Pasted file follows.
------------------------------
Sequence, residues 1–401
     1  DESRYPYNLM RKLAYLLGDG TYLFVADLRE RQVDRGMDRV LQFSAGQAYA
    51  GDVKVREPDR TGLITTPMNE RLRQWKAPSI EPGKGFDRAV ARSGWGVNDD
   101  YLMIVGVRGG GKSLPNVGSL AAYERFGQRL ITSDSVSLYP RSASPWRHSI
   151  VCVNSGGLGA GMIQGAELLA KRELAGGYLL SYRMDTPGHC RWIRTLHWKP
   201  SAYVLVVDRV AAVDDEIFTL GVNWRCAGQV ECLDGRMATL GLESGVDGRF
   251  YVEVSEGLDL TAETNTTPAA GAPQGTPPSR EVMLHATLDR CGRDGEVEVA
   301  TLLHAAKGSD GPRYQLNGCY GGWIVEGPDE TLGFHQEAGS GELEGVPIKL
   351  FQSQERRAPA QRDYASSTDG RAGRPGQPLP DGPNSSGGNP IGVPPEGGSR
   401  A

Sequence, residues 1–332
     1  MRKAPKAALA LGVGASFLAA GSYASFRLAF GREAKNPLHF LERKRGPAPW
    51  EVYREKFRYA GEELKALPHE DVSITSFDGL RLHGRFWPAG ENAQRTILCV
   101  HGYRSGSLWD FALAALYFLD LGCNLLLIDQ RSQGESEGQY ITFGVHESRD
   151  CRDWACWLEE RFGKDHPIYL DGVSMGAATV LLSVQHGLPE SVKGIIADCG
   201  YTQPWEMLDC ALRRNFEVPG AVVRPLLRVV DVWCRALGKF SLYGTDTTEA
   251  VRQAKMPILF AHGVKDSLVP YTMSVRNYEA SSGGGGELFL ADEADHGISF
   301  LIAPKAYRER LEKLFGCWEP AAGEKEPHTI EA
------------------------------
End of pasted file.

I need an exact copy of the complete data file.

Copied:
Sequence, residues 1–401
     1  DESRYPYNLM RKLAYLLGDG TYLFVADLRE RQVDRGMDRV LQFSAGQAYA
    51  GDVKVREPDR TGLITTPMNE RLRQWKAPSI EPGKGFDRAV ARSGWGVNDD
   101  YLMIVGVRGG GKSLPNVGSL AAYERFGQRL ITSDSVSLYP RSASPWRHSI
   151  VCVNSGGLGA GMIQGAELLA KRELAGGYLL SYRMDTPGHC RWIRTLHWKP
   201  SAYVLVVDRV AAVDDEIFTL GVNWRCAGQV ECLDGRMATL GLESGVDGRF
   251  YVEVSEGLDL TAETNTTPAA GAPQGTPPSR EVMLHATLDR CGRDGEVEVA
   301  TLLHAAKGSD GPRYQLNGCY GGWIVEGPDE TLGFHQEAGS GELEGVPIKL
   351  FQSQERRAPA QRDYASSTDG RAGRPGQPLP DGPNSSGGNP IGVPPEGGSR
   401  A

Sequence, residues 1–332
     1  MRKAPKAALA LGVGASFLAA GSYASFRLAF GREAKNPLHF LERKRGPAPW
    51  EVYREKFRYA GEELKALPHE DVSITSFDGL RLHGRFWPAG ENAQRTILCV
   101  HGYRSGSLWD FALAALYFLD LGCNLLLIDQ RSQGESEGQY ITFGVHESRD
   151  CRDWACWLEE RFGKDHPIYL DGVSMGAATV LLSVQHGLPE SVKGIIADCG
   201  YTQPWEMLDC ALRRNFEVPG AVVRPLLRVV DVWCRALGKF SLYGTDTTEA
   251  VRQAKMPILF AHGVKDSLVP YTMSVRNYEA SSGGGGELFL ADEADHGISF
   301  LIAPKAYRER LEKLFGCWEP AAGEKEPHTI EA